4) All candidates will be expected to have either attended
Penncrest or visited it at least once.Taking the campus tour on the high school web site will be
If you are contemplating a class presidency gift
for a loved one, these will be available also.For a $45 contribution, you can name anyone as an Honorary President of
the Class of 1963.In addition to the
prestige and honor associated with the office, they will receive a genuine Class
of 1963 T-shirt accompanied by a certificate of authenticity.If you have no need for a T-shirt, we will be
happy to substitute almost any other article of clothing.
those of you who were not aware of the existence of an Executive Board, happily
this honor can be purchased also.Seats
on the board go for a little less than the Class President position.Please write if you are interested in being
on the board.Due to limited resources
at the board headquarters, only serious inquiries will receive a polite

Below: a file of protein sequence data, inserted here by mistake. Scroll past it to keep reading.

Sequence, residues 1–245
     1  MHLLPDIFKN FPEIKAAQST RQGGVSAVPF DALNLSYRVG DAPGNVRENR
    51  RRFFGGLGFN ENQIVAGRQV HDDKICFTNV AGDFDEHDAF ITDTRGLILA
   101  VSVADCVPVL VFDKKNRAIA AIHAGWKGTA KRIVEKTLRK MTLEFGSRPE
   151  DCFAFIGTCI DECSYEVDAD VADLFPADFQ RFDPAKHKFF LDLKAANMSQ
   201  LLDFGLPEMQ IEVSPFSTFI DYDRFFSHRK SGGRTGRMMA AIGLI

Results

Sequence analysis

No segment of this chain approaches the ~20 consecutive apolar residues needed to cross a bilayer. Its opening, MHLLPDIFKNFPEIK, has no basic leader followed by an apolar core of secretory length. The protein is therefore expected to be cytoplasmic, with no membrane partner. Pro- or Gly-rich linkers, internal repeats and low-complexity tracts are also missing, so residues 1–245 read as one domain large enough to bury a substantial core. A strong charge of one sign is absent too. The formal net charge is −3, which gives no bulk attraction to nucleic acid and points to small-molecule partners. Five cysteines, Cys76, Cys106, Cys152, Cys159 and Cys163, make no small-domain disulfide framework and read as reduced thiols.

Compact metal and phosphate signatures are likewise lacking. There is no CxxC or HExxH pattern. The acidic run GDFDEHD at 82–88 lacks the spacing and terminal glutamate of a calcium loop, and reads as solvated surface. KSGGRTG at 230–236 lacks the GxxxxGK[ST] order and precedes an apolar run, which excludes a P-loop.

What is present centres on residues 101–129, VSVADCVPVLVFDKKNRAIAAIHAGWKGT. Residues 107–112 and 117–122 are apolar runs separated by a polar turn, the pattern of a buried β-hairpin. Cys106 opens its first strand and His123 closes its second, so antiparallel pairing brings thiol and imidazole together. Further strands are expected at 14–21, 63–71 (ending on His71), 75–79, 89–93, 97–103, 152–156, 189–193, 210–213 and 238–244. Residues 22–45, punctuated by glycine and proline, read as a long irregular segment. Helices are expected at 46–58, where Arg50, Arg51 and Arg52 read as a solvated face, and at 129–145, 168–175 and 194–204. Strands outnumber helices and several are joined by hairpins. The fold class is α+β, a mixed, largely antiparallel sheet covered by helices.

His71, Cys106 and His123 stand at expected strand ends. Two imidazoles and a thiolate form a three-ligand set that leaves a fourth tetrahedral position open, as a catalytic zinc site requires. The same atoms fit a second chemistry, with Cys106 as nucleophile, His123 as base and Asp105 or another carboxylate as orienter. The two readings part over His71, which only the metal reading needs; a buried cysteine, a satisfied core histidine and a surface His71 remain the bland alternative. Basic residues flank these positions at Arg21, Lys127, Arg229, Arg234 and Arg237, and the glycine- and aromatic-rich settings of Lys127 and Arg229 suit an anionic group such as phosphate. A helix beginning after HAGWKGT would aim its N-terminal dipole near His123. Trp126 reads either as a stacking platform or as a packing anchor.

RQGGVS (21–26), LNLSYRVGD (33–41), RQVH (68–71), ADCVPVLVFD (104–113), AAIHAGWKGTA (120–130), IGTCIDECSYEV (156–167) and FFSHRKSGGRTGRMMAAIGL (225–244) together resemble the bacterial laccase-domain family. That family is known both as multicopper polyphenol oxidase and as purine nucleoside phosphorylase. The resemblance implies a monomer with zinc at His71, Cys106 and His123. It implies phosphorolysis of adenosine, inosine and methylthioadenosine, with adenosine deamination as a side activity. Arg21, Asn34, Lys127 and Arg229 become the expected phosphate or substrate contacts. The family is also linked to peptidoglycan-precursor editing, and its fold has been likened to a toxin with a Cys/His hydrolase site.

response, all of the others will be filed alphabetically in the official Class
of 1963 file cabinet.
The 40th Reunion
Where would you like
it?Before we can make the decision as
to where it should be, we should consider what we want to include in the
reunion. So far, we have never done more that have dinnerand minimal dancing.(Except of course for the mini-reunion in
Arizona that took place entirely in a swimming pool.) Maybe it is time to
consider a Philadelphia hotel setting or some other formal venue.I don't know if it is possible, but are there
dinner cruises on the Delaware, or is it time to return to the high school for a
non-alcoholic picnic and chaperoned dinner?
Any and all
suggestions are welcome.Please try to
communicate your ideas in a timely manner so that we can start to plan and
publicize our decisions.We have to
consider our classmates that live west of the Mississippi River and way down
south.They need a little time to be
convinced to attend and to make travel arrangements.
an offer from Rick for an encore on the farm.This is enticing, but we are willing to bend to the will of the
Spam, Spam, Spam, and Spam
The consensus is to erase
the spam.So every now and then you will
see a gap between messages on our message board.This is an indication that a messagewas erased from the message board.Typically, the only messages that will be
erased are those promoting pyramid schemes, sex sites, or any herbal remedy for
either existing ornonexisting
diseases.Unusual messages will be left
alone.Every now and then I do take the
liberty of editing the spam.
The class account balance